Review: ‘A Girl Missing’

Koji Fukada's Slow Burning Mystery Stays In Neutral

A Girl Missing tells the tale of a family dealing with the horrors and fallout from a kidnapping. Ichiko (Mariko Tsutsui) works as a home-care nurse for the Oishi family. Ichiko is tasked with taking care of Toko (Hisako Okata) – an elderly woman struggling with dementia. Toko’s paintings and art have made her somewhat of a local celebrity. Ichiko also spends time helping raise the Oishi sister’s – Saki (Miyu Ozawa) and Motoko (Mikako Ichikawa). Ichiko spends time with the girls, helping with homework and other aspects of their lives. The girls care for her and Ichiko cares for them. Despite the stable work, Ichiko struggles financially, but she doesn’t let that affect her performance.

One fateful day, that seemed just like the others, Ichiko is out with the girls before school. Saki leaves to go to class and doesn’t return. The family is scrambling to find Saki and have to suffer for over a week before finally receiving good news. Saki has been found and a suspect has been arrested. To Ichiko’s horror, the suspect is Tatsuo Suzuki (Ren Sudo), her nephew. Ichiko struggles with the morale dilemma of telling the Oishi family about her connection to the kidnapper and the fear of the repercussions from her nephew’s actions on her life.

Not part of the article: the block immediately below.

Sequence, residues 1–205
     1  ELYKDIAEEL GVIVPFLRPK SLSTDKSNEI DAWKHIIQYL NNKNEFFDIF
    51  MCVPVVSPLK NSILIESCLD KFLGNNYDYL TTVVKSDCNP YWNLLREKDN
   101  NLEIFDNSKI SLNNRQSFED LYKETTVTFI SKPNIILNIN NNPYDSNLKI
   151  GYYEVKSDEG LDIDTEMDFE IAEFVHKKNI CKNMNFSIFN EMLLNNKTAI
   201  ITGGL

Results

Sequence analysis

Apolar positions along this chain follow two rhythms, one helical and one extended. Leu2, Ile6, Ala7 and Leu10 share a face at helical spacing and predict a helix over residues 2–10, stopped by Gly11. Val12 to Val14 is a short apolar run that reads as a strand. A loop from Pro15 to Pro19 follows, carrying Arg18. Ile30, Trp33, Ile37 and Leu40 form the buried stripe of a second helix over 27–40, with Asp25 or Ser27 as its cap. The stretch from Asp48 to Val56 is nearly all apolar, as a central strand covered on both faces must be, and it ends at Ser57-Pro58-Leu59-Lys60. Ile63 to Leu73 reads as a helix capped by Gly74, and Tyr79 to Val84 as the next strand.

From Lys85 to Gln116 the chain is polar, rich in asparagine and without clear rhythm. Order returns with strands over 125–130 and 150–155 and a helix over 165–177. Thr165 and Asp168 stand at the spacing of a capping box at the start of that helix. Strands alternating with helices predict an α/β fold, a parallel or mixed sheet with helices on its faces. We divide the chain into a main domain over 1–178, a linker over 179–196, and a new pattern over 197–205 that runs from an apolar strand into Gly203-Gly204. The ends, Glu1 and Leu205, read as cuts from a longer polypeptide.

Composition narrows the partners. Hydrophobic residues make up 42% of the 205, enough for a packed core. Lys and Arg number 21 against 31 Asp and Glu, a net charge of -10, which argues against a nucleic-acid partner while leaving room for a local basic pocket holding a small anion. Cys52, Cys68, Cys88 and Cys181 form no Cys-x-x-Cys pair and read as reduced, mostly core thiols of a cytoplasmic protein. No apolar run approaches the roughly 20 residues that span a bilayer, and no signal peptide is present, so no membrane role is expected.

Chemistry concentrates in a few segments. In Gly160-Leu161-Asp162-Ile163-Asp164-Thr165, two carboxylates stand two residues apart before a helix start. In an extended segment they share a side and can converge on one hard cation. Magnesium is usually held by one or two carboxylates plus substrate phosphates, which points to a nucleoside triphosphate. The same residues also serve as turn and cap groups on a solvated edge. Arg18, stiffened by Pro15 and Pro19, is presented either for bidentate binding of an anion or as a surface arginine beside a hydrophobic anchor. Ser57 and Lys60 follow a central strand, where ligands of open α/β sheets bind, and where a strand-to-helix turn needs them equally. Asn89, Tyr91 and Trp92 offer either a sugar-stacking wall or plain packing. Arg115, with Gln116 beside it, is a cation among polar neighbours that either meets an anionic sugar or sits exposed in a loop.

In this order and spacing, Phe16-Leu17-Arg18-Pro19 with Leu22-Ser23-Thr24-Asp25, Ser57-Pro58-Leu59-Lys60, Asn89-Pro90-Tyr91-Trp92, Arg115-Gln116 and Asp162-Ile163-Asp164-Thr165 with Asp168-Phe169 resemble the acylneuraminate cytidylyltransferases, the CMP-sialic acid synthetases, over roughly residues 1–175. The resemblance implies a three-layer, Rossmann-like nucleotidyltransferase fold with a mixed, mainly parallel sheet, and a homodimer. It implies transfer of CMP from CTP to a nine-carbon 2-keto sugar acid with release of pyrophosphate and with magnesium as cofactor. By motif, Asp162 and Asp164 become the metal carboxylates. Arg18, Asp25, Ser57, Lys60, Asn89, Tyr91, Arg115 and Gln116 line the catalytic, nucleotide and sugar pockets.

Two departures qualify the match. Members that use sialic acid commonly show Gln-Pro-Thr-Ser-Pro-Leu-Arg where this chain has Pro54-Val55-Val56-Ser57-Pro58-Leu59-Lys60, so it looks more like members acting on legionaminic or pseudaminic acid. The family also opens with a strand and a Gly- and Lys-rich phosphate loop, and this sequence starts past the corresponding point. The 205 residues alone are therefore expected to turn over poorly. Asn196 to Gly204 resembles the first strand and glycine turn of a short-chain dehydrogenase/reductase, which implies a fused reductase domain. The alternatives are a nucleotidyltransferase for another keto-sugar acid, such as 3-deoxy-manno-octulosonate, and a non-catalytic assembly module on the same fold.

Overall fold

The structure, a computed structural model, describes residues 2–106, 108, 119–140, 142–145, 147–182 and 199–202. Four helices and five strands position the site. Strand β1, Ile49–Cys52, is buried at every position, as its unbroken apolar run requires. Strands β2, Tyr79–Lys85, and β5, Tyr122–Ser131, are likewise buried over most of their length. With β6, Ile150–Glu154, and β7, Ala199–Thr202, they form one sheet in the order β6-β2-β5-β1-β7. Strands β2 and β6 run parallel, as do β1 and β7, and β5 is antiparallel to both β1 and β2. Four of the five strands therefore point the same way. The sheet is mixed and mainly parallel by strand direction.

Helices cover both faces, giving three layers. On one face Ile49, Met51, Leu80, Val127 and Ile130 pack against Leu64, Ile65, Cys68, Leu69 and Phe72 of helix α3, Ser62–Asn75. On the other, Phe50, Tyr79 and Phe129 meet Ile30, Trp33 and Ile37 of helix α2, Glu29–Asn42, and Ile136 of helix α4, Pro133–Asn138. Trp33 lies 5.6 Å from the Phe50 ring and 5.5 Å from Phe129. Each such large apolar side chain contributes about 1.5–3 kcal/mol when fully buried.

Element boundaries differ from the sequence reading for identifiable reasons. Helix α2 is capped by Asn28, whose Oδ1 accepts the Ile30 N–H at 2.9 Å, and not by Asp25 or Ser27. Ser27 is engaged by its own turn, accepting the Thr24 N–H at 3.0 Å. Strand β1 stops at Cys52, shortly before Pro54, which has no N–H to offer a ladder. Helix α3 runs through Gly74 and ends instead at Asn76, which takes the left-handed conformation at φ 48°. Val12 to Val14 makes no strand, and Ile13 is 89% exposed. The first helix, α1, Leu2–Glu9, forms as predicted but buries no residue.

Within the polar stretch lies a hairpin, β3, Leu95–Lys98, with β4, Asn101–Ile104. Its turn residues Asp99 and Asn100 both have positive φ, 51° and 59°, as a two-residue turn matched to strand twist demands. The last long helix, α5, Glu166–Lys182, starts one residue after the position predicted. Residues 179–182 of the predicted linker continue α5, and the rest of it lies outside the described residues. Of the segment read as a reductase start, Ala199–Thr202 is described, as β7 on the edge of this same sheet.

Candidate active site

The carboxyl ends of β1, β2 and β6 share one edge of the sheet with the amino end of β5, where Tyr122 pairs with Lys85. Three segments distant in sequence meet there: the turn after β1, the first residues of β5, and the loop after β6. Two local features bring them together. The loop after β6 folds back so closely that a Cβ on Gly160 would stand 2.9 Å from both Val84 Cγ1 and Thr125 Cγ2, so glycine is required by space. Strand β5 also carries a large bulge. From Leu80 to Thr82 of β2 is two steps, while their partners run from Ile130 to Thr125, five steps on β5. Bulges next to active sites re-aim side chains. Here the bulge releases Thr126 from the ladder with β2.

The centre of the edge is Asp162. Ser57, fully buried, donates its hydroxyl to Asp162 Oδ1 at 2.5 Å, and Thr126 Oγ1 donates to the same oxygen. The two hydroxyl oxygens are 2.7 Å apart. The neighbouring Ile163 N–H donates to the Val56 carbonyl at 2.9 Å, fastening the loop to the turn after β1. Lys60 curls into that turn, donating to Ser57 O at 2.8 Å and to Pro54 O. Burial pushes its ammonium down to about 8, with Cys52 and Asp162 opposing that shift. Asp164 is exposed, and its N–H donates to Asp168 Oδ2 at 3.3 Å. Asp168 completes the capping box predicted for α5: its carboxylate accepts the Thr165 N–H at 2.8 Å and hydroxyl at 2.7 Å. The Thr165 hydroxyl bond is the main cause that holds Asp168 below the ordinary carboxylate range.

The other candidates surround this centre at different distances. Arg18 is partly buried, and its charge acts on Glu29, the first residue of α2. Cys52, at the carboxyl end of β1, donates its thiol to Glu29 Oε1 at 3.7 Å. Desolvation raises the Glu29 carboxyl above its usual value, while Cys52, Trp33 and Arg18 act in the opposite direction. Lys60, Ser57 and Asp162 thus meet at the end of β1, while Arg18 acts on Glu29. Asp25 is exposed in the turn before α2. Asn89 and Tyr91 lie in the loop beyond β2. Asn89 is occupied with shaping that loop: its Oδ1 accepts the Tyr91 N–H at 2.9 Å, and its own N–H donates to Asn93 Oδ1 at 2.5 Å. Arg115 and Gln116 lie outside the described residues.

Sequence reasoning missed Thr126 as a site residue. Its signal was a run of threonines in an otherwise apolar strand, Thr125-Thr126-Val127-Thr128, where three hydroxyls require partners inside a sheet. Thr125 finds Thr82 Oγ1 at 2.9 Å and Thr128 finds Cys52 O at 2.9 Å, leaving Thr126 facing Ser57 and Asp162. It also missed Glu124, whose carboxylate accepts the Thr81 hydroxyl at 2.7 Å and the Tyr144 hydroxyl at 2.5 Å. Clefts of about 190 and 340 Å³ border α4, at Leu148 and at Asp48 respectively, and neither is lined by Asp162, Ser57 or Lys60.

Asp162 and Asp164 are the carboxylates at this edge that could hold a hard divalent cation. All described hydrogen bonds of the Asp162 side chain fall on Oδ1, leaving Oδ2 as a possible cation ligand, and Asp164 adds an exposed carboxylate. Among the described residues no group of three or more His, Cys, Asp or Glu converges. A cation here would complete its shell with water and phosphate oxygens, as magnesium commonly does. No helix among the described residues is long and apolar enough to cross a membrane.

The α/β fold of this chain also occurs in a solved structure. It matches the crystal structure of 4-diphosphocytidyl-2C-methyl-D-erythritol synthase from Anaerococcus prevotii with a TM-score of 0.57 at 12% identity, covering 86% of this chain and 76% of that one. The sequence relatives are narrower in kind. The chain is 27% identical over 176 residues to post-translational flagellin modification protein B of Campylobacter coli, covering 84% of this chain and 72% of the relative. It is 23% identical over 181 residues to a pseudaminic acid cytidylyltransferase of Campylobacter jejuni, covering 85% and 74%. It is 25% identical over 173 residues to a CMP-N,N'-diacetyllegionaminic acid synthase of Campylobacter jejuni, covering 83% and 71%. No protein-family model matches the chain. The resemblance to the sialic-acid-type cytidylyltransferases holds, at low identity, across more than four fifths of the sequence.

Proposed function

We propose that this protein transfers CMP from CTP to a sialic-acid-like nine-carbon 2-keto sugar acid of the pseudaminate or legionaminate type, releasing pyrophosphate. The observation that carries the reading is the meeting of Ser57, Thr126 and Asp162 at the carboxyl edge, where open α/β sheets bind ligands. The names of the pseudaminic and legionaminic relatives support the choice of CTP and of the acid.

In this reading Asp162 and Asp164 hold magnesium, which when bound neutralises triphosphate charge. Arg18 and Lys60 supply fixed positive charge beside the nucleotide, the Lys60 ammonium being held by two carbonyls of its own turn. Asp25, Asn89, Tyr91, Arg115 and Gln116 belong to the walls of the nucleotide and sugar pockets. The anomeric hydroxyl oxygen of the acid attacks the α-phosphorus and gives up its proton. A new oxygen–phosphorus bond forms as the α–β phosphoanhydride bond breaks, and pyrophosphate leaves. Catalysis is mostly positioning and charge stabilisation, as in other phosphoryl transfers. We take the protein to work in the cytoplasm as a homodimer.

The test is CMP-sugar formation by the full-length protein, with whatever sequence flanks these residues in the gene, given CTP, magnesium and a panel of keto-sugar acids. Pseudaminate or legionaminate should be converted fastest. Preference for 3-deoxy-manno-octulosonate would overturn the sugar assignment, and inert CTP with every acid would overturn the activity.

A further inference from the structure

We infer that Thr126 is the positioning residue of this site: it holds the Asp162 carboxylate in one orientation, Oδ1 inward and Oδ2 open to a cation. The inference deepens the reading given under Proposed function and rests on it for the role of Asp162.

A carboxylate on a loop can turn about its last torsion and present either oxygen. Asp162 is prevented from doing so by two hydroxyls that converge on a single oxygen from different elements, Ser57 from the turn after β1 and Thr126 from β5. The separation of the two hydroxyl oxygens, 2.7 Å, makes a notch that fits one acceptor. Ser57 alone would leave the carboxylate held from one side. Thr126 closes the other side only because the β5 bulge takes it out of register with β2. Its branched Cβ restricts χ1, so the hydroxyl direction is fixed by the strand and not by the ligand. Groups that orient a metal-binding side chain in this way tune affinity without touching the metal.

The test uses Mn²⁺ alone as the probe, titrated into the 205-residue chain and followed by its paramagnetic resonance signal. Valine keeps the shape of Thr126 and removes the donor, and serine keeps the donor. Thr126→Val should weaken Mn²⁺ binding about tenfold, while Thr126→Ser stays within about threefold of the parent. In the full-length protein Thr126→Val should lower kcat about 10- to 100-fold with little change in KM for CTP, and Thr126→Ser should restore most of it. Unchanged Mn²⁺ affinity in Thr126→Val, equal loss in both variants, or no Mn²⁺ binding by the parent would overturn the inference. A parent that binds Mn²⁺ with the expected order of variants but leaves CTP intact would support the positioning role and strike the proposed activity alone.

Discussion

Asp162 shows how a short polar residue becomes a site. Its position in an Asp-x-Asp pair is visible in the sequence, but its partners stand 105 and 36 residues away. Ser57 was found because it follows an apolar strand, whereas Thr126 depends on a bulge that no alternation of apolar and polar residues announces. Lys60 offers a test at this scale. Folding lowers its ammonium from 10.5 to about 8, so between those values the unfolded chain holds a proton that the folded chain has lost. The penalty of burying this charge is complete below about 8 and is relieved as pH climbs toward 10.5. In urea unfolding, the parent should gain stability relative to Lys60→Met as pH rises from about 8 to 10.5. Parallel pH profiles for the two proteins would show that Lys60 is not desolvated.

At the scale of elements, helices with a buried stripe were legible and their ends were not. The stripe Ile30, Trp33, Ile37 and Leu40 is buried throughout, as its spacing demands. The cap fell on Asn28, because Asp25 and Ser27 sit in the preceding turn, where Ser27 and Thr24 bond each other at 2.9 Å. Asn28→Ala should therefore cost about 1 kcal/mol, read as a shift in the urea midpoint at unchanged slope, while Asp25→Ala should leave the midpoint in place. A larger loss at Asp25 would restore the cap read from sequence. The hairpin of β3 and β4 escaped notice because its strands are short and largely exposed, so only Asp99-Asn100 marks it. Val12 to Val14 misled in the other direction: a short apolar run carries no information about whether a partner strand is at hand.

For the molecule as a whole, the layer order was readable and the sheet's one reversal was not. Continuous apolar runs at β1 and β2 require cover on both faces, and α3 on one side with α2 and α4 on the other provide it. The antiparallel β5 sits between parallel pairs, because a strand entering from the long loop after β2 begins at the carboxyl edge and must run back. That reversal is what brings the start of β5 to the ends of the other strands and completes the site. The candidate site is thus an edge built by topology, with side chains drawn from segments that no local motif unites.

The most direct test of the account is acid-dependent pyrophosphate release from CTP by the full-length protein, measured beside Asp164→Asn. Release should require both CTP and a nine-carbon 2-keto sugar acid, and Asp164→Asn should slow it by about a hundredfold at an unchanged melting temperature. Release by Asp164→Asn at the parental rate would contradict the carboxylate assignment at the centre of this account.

A Girl Missing has been described numerous times as a “slow burn thriller.” There are instances where films take time to build up suspense. Slowly ramping it up as the film progresses until reaching a boiling point and great ending. A Girl Missing is not one of those films. It trudges along not coming close to reaching “thriller” status but has plenty of “slow burn.” The film is incredibly boring. Writer/director Kôji Fukada and writer Kazumasa Yonemitsu simply don’t deliver. There is not a lack of action, intrigue, or really anything noteworthy to make A Girl Missing worth a watch.

Fukada tries mixing in a few subtle touches – mainly through unique camera angles. While they did show some appreciated creativity, it was not nearly enough. A Girl Missing features little to no character development. We are watching a tense situation, that is resolved far too quickly, and the fallout from it. While the situation should be evoking emotion, the lack of any connection to the characters makes it fall flat. The audience simply watches multiple players, who are acting incredibly strange, going about their lives. Many of the major characters behave without rhyme or reason. With no true backstory or development, the audience just needs to accept why they are the way they are. All-in-all A Girl Missing is a boring and forgetful drama. Do yourself a favor and make sure A Girl Missing is missing from your summer movie queue.